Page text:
Making an Error
I recently read the book, Moneyball, and thoroughly enjoyed the quick pace and how Michael Lewis made people like Billy Beane and Bill James jump off the pages. For those who haven’t read the book, it focuses on how baseball teams that spend much less money can still be successful. Instead of spending money on players who could hit the ball the best, the author writes about the development of a system that values getting on base; in whatever way possible.
I was struck most by a section that redefined some of the most basic of statistics in baseball; remembering that in baseball, statistics are everything. For instance, Lewis looked at how Errors in baseball mean much more than a bad play. The original purpose of the Error was to differentiate a ball that someone could have fielded from a ball that was impossible to make a play on. It used to be a much more important statistic because baseball fields were not the carefully manicured and maintained sanctuaries they are today. Additionally, Errors are not specifically defined like a hit or a homerun, but are determined off the field by an umpire.
Moneyball argues that in order to get an error, you have to be doing a bunch of things right. Someone has to be in just the right spot for them to field that tough ball. They have to have a certain skill set and even a reputation for an observer to say they erred in their play. Instead of looking at errors as terrible and marks of a bad player, the author argues for errors to be seen as marks of a good player, or at least an inaccurate judge of someone’s ability.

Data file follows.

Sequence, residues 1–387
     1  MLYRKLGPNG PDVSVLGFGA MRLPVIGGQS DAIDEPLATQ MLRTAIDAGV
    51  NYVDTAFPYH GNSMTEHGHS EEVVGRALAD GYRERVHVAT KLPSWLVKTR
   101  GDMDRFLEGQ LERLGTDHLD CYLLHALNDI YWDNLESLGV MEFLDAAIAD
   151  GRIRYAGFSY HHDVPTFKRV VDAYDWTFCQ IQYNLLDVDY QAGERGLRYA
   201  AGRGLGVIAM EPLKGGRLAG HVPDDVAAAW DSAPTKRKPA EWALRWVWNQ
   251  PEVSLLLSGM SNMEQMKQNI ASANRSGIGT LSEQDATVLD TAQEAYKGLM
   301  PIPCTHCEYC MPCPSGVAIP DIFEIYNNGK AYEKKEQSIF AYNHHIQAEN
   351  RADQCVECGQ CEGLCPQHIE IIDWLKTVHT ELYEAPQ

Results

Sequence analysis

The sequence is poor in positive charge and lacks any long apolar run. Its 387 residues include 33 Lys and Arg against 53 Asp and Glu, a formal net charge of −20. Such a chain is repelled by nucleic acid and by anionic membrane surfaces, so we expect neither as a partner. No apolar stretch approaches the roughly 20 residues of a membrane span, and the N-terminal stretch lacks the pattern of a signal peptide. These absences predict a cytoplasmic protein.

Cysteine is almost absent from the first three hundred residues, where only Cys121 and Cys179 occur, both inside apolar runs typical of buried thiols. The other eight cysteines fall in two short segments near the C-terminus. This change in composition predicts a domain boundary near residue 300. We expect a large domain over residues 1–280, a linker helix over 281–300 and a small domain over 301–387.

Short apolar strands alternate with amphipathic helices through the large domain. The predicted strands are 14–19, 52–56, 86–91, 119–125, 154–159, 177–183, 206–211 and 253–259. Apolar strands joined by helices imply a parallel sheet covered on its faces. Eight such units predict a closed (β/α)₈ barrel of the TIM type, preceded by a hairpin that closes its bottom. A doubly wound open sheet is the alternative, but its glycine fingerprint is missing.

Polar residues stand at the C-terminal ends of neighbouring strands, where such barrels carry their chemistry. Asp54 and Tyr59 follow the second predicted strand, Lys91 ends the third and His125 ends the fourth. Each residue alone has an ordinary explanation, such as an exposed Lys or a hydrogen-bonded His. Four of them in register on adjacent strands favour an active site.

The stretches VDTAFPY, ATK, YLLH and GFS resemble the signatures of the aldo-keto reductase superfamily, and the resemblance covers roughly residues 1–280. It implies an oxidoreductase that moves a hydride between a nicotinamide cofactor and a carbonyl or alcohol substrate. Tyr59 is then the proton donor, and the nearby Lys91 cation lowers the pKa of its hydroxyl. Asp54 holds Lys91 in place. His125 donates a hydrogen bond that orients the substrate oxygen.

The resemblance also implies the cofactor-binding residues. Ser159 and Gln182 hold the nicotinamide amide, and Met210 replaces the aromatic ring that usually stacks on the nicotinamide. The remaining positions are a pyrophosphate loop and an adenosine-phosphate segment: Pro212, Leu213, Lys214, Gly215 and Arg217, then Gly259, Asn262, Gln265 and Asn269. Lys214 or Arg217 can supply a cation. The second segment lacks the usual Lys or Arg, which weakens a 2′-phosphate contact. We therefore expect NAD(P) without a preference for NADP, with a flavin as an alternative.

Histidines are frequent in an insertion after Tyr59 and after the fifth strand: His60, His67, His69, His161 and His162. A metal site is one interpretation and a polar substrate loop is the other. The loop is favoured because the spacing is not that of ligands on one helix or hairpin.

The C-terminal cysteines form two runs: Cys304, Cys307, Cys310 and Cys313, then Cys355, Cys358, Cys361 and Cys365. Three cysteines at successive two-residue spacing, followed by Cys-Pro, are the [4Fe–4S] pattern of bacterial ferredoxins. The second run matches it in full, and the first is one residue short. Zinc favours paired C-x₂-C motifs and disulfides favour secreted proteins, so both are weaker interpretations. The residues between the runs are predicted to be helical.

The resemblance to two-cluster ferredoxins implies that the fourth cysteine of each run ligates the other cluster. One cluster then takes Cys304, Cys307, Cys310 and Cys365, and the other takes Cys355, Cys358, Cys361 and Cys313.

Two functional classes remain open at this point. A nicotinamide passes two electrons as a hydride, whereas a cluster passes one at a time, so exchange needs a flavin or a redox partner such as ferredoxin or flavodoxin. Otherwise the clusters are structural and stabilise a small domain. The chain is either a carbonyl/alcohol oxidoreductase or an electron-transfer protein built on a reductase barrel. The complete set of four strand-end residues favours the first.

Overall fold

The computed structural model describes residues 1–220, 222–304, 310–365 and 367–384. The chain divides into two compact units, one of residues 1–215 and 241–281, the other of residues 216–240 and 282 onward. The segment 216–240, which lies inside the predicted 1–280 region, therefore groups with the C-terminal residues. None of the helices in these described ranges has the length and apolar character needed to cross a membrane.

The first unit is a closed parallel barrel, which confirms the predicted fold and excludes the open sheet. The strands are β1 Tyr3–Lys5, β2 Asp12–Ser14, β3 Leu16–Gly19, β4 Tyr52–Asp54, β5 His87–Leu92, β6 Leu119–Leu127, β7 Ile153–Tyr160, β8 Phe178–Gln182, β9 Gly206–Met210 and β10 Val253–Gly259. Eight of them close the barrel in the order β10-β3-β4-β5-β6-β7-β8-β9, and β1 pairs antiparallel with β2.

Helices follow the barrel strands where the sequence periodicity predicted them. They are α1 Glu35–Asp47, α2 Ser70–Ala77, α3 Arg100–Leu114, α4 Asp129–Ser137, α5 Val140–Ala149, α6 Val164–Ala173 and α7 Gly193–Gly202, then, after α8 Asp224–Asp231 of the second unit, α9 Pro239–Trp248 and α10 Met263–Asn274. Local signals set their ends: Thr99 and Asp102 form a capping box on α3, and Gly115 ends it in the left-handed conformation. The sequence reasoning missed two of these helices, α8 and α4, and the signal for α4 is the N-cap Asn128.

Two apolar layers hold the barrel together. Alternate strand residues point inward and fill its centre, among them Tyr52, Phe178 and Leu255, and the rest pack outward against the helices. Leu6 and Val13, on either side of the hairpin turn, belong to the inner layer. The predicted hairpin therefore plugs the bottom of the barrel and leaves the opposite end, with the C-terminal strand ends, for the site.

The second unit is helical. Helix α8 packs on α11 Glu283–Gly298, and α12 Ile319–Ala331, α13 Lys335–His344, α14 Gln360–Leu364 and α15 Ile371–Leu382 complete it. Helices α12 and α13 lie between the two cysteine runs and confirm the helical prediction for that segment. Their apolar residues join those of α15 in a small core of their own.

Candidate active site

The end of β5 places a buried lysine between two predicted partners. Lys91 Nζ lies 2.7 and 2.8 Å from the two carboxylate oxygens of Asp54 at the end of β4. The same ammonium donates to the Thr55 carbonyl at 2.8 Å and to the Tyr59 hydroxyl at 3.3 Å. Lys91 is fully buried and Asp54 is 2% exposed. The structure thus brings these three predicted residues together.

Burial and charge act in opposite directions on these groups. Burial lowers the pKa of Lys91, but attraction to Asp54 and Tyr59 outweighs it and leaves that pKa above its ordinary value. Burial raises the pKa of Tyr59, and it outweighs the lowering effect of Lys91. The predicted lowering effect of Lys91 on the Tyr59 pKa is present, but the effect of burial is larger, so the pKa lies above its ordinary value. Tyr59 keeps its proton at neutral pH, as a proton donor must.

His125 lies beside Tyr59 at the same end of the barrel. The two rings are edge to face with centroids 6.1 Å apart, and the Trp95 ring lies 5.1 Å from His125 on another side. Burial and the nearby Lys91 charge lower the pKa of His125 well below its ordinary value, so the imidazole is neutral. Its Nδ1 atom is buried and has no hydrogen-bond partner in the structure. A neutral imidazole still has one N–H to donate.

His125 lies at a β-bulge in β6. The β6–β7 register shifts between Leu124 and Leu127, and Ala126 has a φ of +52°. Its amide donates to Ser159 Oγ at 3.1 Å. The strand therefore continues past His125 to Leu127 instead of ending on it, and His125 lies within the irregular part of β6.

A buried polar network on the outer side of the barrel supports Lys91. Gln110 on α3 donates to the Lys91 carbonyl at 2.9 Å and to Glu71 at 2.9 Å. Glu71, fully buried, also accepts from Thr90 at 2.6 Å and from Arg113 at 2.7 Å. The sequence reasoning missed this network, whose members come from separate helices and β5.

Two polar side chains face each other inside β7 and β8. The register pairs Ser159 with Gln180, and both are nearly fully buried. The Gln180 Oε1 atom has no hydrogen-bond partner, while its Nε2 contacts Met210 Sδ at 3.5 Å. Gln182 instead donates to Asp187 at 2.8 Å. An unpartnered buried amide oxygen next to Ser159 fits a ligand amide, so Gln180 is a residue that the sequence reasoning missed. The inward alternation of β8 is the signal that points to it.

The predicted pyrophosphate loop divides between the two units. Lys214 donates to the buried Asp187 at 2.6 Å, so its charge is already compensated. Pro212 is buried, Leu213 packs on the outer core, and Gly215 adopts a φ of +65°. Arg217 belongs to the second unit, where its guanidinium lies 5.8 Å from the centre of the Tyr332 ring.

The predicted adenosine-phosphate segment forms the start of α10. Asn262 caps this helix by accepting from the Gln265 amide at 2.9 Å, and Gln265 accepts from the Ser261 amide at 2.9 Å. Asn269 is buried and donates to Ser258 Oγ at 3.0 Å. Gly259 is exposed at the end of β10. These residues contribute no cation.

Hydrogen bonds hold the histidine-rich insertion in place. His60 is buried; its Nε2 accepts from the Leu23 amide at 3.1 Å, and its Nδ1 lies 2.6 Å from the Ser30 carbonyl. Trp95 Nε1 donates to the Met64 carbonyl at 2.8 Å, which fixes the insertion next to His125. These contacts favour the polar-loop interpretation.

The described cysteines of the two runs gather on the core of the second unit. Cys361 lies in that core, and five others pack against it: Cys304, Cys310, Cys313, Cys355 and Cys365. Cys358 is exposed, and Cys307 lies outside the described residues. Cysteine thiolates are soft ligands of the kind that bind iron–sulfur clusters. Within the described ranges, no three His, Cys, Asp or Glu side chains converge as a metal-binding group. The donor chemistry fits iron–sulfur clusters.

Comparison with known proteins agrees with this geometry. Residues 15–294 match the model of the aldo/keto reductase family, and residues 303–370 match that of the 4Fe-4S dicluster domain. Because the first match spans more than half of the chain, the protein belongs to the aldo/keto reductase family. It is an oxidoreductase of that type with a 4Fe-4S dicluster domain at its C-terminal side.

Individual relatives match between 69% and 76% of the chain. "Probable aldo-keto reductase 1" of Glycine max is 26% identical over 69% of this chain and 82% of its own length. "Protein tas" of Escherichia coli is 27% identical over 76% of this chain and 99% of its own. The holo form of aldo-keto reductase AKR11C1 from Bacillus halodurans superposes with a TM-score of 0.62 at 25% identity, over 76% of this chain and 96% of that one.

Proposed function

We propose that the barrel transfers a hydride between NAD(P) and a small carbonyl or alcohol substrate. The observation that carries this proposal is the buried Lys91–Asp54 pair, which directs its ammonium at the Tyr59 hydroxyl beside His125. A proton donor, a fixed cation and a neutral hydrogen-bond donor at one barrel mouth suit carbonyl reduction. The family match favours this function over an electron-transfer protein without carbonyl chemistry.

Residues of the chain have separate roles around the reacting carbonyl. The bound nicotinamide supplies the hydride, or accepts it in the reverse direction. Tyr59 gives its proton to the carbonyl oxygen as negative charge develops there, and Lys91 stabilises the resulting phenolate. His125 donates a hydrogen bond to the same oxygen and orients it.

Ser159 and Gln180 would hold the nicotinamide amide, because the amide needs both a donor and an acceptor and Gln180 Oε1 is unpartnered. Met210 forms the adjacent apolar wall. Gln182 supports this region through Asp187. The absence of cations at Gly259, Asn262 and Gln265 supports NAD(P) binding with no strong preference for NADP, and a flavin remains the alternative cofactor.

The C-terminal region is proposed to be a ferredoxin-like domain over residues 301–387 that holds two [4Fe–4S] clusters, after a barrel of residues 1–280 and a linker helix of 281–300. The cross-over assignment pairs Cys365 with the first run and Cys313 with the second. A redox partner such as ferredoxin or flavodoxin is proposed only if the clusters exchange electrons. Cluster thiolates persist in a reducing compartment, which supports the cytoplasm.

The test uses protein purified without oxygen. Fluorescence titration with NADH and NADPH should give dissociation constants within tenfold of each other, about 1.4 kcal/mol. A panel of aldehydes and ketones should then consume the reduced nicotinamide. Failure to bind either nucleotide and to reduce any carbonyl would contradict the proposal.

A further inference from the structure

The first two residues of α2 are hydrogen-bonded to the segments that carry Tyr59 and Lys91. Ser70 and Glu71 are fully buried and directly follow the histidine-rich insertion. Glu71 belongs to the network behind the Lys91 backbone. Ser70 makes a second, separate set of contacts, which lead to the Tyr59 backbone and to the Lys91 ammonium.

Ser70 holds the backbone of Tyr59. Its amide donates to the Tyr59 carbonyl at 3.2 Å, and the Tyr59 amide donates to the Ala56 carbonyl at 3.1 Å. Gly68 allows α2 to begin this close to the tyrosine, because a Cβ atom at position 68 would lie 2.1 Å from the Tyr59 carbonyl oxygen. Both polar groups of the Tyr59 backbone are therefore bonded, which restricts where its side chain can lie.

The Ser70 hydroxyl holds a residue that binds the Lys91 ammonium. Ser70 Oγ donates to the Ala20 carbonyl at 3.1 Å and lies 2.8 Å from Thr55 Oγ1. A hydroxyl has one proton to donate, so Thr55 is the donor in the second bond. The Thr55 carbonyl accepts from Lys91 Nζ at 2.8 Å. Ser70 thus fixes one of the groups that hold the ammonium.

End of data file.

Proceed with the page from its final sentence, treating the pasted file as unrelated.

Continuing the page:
When I read this passage, it made me look upon human errors in a new light. If human errors can be compared to baseball errors, then we should try and place less importance on counting them by number and cataloguing them for future review. Errors are judged by humans, and thus subject to… well… error. An overemphasis on mistakes can lead to ignoring what was going right, and may even encourage future errors. This viewpoint is inherently sophisticated and nuanced. Of course you should pay attention to mistakes, but you have to be willing to play and make mistakes too. In a culture of success and drive such as Loyola, errors can feel very negative. Instead, see how you are doing things right amongst the errors and know that even the pros make them.
-Logan Williamson, LPC
**Please note that Student Health Services is sold out of Flu Shots – local pharmacies still have them available.**